I spent Sunday on my own - my wife had to return to another meeting in Europe. I went to Ueno Park and visited the Science Museum, recalling my first ever visit to Japan in 1982. It has changed a lot - for one thing it has doubled in size, and it is much more modern and visitor-friendly. Back then it was just a lot of dusty display cases. But one thing that hasn't changed is that there is absolutely no allowance whatsoever for non-Japanese visitors. Apart from a few signs in the hallways, nothing is labeled in English. Now - unlike then - I can just about read the signs, though it takes a long while. But it is reasonable enough when you consider how few foreign tourists there are in Japan, apart from Kyoto. A while back we went to the Museum of Modern Art, in another corner of Ueno Park, and
we saw just one other foreign visitor there. Of course it's self perpetuating - Japan apparently does want to attract foreign tourists but for as long as you need to be able to speak and read some Japanese to survive, it just isn't going to happen.

Finally on Monday it was time to return. As usual I took the bus out to the airport. At the first-class check-in desk the lady was very concerned - never a good sign, especially when you're using an airmiles ticket. There are just so many things to go wrong. She walked away, talked to colleagues with a worried look on her face, made a phone call. I feared the worst, beginning to envisage a hasty one-way ticket purchase and the uncomfortable return journey in economy. Finally she turned back to me.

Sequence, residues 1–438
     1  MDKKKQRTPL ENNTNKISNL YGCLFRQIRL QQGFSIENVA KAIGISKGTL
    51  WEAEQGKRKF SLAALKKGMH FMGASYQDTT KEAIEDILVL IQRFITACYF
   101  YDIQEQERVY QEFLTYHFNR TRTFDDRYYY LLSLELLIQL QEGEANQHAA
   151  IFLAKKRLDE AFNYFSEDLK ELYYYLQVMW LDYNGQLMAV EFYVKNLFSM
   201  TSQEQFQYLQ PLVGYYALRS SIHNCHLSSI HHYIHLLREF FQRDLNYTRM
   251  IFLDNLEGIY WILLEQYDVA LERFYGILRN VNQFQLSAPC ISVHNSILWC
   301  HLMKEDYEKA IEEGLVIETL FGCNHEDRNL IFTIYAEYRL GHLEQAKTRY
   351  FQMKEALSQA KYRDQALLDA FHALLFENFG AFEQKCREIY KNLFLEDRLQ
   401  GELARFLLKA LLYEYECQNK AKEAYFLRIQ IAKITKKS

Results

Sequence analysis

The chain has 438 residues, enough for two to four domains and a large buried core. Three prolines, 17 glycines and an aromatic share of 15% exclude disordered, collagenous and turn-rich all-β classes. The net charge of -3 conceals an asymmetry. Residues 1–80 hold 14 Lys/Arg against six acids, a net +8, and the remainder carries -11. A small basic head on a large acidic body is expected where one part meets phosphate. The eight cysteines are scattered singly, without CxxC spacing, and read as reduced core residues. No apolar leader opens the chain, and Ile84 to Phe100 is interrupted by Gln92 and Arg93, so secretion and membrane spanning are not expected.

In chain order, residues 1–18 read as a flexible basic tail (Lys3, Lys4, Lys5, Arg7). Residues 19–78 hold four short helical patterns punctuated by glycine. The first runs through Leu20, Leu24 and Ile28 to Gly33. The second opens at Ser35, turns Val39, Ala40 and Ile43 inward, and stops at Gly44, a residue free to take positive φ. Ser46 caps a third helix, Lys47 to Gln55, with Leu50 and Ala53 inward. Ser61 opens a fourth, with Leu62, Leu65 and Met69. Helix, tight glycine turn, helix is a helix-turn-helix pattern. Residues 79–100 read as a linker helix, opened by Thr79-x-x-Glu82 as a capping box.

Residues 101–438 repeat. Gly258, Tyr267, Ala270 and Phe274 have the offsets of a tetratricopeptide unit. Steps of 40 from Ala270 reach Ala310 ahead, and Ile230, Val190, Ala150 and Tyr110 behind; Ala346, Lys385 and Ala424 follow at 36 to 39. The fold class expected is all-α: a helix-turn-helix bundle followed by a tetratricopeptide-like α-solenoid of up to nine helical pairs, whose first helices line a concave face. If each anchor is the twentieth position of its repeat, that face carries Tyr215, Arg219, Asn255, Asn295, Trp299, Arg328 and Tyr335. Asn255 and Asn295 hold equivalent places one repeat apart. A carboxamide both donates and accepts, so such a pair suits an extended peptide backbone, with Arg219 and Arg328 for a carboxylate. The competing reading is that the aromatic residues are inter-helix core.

"Mr Harper... did you leave a book on the aircraft when you arrived?" Well yes, I did.

"I'm very sorry, the book is in our office, would you mind waiting a few minutes while my colleague collects it?"

This could only happen in Japan! Once I left a valuable (to me) notebook on Swissair (yes, it was a long time ago), in Business Class. When I called, they said, "Oh, we never keep anything, it will have been thrown away." But Singapore Airlines - in Japan - even kept a $5 paperback for me, unasked.

It got better, too. As I was waiting in the emigration line, after security, someone came running up to me, apologising - I'd left my laptop behind at security... and they had to run after me to return it! If I'd done that at Heathrow it would already have been on E-Bay!

The return journey on Singapore in First was as good as you'd expect - there's really nothing to be said.